What Is the LASA Grants Program?
The Rhode Island Department of Environmental Management, Division of Agriculture is accepting grant applications for the Local Agriculture and Seafood Act (LASA) Grants Program. The goal of the program, established by the Local Agriculture and Seafood Act of 2012, is to support the growth, development, and marketing of local food and seafood in the Rhode Island. It is made possible by $100,000 in funding from the State of Rhode Island, and an additional $110,000 in funds from the van Beuren Charitable Foundation, the Henry P. Kendall Foundation, and the Rhode Island Foundation. This unique and unprecedented public-private partnership will provide grants intended to directly benefit and strengthen the local food system in RI.
Who May Apply?
Non-profit organizations, farmers, fishermen/women, and producer groups are eligible to apply. Applicants must be based in the State of Rhode Island. The Advisory Council will value geographic diversity in the applicant pool when making award determinations. Only small and/or beginning farmers (or producer groups of small or beginning farmers) are eligible to apply for capital grants. (Aquaculture operators are considered farmers).
How Much May An Applicant Apply For?
The maximum grant award available to a farmer, individual, business (e.g. LLC) or non-profit organization is $20,000. Overhead and/or administrative costs are limited to 10% of total budget proposal.
Where Can I Find LASA Application Materials?
The Application and the Guidelines Document can be found on the Rhode Island Division of Agriculture website (under "grant opportunities" tab). It also can be found on this LASA FAQ page (see LASA 2014 Documents sidebar, right).
What is the Timing for the LASA Grants Program?
All grant applications are due to the RI Division of Agriculture by 11:59 pm on Tuesday, April 1st, 2014.
Applications can be emailed to LASA@dem.ri.gov or mailed to/dropped off at the Division of Agriculture office (235 Promenade Street, Providence, RI 02908). (Please note that the Division of Agriculture office closes at 4:30 pm). Email submissions are strongly preferred.
The Division of Agriculture will send an email confirmation when applications arrive at the office as long as an email address has been provided on the application form.
Applicants will be notified of award decisions by May 1, 2014.
Projects may start the moment the award contract is signed. Grantees will be responsible for interim and final reports for projects and all projects need to be completed within 2 years of contract signing. 100% of the funding will be provided up front.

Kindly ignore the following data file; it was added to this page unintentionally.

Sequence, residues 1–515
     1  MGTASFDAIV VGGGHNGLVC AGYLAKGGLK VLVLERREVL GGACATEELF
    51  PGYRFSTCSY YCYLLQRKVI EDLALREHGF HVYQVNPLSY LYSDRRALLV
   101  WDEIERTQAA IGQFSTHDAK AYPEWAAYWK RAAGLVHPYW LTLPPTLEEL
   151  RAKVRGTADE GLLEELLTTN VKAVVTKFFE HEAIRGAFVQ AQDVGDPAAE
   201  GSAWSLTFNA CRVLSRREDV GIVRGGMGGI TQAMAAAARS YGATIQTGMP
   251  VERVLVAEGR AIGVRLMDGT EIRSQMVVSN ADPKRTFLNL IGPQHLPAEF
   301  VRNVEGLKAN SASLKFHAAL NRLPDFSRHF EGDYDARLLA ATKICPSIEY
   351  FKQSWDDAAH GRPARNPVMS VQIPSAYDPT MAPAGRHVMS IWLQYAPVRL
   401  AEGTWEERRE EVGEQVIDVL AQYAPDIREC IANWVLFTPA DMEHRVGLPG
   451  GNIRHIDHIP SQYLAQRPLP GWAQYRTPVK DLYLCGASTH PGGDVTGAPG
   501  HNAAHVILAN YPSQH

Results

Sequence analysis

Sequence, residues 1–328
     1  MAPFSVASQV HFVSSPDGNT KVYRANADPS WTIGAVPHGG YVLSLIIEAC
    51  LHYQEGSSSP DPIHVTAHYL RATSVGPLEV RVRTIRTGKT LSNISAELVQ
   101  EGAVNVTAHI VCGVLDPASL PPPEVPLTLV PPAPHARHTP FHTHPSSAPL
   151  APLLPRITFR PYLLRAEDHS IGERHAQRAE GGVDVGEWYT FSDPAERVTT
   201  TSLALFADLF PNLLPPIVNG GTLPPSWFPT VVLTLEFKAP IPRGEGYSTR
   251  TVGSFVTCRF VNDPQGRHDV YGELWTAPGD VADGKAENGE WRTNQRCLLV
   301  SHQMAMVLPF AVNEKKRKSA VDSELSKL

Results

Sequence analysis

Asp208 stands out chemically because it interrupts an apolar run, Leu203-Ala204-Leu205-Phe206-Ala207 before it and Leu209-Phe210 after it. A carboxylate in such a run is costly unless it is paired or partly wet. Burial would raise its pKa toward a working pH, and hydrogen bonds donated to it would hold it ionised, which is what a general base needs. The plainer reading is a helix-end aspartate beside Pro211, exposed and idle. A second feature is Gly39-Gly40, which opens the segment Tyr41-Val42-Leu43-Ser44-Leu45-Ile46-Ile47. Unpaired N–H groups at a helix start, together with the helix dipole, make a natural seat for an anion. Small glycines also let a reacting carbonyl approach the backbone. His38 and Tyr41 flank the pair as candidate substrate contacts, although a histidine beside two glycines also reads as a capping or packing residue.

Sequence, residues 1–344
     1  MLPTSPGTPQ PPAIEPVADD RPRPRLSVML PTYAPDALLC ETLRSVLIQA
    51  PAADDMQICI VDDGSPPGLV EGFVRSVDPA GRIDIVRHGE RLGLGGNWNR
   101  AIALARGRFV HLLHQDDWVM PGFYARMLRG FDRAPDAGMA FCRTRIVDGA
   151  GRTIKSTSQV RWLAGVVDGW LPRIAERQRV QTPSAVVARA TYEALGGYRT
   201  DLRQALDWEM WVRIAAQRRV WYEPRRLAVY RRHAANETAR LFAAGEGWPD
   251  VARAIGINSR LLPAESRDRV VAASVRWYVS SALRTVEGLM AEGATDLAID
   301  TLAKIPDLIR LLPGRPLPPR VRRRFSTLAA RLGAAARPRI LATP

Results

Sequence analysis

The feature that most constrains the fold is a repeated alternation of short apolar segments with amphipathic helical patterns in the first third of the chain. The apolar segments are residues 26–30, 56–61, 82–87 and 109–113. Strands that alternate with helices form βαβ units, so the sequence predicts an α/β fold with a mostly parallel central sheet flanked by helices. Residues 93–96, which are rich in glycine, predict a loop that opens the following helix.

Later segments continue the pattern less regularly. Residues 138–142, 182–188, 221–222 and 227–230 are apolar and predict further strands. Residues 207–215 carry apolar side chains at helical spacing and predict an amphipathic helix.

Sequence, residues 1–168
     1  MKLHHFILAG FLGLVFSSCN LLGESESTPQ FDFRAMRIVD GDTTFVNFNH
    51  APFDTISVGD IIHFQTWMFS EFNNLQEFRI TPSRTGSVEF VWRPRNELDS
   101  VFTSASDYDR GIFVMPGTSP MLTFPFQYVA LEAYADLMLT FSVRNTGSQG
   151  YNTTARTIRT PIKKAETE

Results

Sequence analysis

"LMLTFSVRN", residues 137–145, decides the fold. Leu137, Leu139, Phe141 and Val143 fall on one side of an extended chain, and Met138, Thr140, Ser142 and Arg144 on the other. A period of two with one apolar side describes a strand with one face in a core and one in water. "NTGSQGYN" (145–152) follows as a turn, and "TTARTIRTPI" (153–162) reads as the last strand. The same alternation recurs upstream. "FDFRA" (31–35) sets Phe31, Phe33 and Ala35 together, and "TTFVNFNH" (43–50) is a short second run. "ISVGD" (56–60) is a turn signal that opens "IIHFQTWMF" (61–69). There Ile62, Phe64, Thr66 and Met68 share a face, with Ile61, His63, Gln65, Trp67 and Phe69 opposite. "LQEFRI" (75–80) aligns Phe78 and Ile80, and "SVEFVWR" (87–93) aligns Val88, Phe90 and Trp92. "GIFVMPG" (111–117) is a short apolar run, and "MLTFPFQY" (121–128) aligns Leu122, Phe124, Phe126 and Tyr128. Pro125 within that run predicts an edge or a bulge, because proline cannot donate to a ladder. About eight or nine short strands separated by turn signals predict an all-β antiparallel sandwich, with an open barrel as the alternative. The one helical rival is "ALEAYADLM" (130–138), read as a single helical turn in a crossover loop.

Projects awarded funding will be highlighted in press and media and receive site visits from RIFPC staff to help coordinate the story-telling and the documentation of the impact of projects.
What are "on-going capital campaigns" as defined in the LASA Grant Guidelines?
A capital campaign is a fundraising effort - a time-limited effort by a nonprofit organization to raise significant dollars for a specific project. Capital Campaigns are not eligible for LASA funding.
May a non-profit, running a small farm, apply for a piece of farm equipment, like a tractor, under this grant opportunity?
Yes, as long as the farm meets the definition of a small or beginning farm as defined in the Guidelines - "A small farmer is defined as one with annual revenues not exceeding $250,000. A beginning farmer is one who has not operated a farm or aquaculture operation for more than 10 years".
Are Rhode Island municipalities eligible to apply for the LASA Grants Program if they have a non-profit status?
Where can I find help to fill in the application correctly?
Attend/Participate in one of our 3 Technical Assistance Sessions in March. There will be one in Providence, one in So. County and one is a conference call.
May a group apply for funding to help market a segment of RI fisheries (like shellfish) through the creation of a public service announcement or regular advertising?
Yes. The LASA Advisory Committee will make grant recommendations to the RIDEM in coordination with the upcoming statewide marketing campaign for RI Seafood. The primary goal is not to duplicate efforts for statewide seafood marketing, but grants that address seafood marketing for specific sectors may be submitted for consideration and will be evaluated as the statewide marketing campaign is developed.